Video Italian Espresso Expands Into Space

When Italian astronaut Samantha Cristoforetti headed for the ISS, her countrymen worried how she would survive six months drinking only instant coffee More

This forum has been closed.
Comment Sorting
Comments
     
by: ALI BABA from: NEW YORK
February 11, 2014 6:09 PM
THE SYRIAN REBEL has to put their arm and let peace process end the conflict. it looks that we are dealing with punch of psychopath who refuse to understand that their action inflict a lot of suffering . this is the reality of Islam. they did it in Sudan . they did it in Libya .they did it in afghisstan .welcome to the barbaric madness of stone age

Featured Videos

Your JavaScript is turned off or you have an old version of Adobe's Flash Player. Get the latest Flash player.
Aung San Suu Kyi: Myanmar Opposition to Keep Pushing for Constitutional Changei
X
November 24, 2014 10:09 PM
Myanmar opposition leader Aung San Suu Kyi says she and her supporters will continue pushing to amend a constitutional clause that bars her from running for president next year. VOA's Than Lwin Htun reports from the capital Naypyitaw in this report narrated by Colin Lovett.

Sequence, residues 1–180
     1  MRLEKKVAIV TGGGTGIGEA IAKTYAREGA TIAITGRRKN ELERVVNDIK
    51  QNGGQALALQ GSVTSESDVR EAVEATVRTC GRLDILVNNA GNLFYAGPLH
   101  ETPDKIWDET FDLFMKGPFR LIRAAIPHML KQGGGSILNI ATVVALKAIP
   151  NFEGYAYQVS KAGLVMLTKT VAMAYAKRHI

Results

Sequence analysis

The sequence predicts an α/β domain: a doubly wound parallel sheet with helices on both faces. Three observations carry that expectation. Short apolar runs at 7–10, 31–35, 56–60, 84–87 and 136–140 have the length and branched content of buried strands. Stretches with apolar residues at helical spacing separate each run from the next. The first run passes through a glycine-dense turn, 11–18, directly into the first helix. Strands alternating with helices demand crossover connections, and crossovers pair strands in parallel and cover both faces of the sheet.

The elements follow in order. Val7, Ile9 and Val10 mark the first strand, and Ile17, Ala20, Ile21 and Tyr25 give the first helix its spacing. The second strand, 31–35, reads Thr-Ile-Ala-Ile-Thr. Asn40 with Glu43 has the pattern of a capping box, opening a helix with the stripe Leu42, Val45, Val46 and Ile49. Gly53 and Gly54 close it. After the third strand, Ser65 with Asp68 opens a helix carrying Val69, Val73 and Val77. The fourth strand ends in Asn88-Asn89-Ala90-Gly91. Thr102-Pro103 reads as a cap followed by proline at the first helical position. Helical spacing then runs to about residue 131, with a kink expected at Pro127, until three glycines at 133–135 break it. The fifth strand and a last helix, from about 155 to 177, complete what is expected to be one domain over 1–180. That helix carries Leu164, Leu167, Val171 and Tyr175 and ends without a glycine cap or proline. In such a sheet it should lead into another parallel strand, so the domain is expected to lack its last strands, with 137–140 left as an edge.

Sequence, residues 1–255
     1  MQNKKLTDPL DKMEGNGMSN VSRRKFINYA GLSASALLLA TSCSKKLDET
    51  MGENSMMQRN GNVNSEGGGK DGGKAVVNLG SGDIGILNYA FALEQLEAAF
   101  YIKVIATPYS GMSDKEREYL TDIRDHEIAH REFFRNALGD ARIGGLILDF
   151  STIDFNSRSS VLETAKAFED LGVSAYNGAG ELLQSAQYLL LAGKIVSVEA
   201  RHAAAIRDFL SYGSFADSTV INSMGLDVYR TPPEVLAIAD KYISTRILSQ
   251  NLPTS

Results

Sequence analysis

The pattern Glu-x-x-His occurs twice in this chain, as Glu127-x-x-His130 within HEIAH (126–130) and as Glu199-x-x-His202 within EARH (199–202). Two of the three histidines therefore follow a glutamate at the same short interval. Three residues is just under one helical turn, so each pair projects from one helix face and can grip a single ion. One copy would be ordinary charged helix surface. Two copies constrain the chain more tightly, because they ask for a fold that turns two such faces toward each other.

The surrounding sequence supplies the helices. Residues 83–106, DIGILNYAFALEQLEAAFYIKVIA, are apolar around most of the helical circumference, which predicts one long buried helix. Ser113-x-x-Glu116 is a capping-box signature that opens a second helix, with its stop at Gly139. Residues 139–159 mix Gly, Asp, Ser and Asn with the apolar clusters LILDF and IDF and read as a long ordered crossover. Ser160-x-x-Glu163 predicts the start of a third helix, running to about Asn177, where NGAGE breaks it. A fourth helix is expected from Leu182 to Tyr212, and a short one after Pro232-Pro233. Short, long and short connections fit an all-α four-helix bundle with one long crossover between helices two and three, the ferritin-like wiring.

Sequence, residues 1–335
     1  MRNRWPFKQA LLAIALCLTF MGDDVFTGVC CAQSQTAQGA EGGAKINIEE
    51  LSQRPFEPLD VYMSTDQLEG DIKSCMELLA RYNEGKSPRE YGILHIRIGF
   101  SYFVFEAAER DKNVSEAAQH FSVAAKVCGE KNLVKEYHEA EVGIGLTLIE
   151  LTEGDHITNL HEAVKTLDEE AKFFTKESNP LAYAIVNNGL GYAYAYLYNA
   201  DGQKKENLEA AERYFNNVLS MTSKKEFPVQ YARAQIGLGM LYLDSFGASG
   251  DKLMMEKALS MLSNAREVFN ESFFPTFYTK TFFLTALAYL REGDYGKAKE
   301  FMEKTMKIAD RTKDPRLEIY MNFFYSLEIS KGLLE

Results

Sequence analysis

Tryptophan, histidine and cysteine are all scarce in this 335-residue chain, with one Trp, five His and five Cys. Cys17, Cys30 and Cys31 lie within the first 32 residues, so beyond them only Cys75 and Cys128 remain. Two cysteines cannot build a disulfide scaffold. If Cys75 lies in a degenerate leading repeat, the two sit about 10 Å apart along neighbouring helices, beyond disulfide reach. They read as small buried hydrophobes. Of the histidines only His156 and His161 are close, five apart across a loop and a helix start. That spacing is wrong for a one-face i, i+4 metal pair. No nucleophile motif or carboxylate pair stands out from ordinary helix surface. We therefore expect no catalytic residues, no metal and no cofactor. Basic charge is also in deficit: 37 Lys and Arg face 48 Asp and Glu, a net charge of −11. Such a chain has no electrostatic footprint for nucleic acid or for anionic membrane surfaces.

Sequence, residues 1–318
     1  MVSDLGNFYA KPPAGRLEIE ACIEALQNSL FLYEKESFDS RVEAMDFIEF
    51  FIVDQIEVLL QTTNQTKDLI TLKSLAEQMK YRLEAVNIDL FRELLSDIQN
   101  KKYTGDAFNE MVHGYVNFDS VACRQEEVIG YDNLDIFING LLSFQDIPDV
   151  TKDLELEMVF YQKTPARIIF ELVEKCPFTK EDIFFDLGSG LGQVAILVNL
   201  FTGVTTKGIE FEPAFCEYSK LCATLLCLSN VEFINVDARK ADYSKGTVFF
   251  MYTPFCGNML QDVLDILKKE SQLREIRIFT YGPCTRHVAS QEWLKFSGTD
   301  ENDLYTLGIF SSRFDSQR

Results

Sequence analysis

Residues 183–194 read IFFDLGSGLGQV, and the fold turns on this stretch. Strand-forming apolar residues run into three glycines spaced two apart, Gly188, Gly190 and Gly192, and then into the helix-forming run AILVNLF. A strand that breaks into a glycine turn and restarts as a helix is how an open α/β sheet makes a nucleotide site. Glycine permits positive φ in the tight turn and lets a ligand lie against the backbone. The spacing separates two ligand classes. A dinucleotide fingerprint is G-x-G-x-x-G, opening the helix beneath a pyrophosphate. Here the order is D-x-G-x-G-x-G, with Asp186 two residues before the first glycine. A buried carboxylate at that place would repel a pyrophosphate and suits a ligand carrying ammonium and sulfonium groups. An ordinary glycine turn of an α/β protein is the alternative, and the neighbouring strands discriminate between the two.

Video

Video Aung San Suu Kyi: Myanmar Opposition to Keep Pushing for Constitutional Change

Myanmar opposition leader Aung San Suu Kyi says she and her supporters will continue pushing to amend a constitutional clause that bars her from running for president next year. VOA's Than Lwin Htun reports from the capital Naypyitaw in this report narrated by Colin Lovett.
Video

Video Mali Attempts to Shut Down Ebola Transmission Chain

Senegal and Nigeria were able to stop small Ebola outbreaks by closely monitoring those who had contact with the sick person and quickly isolating anyone with symptoms. Mali is now scrambling to do the same. VOA’s Anne Look reports from Mali on what the country is doing to shut down the chain of transmission.
Video

Video Ukraine Marks Anniversary of Deadly 1930s Famine

During a commemoration for millions who died of starvation in Ukraine in the early 1930s, President Petro Poroshenko lashed out at Soviet-era totalitarianism for causing the deaths and accused today’s Russian-backed rebels in the east of using similar tactics. VOA’s Daniel Shearf reports from Kyiv.
Video

Video Hong Kong Protests at a Crossroads

New public opinion polls in Hong Kong indicate declining support for pro-democracy demonstrations after weeks of street protests. VOA’s Bill Ide in Guangzhou and Pros Laput in Hong Kong spoke with protesters and observers about whether demonstrators have been too aggressive in pushing for change.
Video

Video US Immigration Relief Imminent for Mixed-Status Families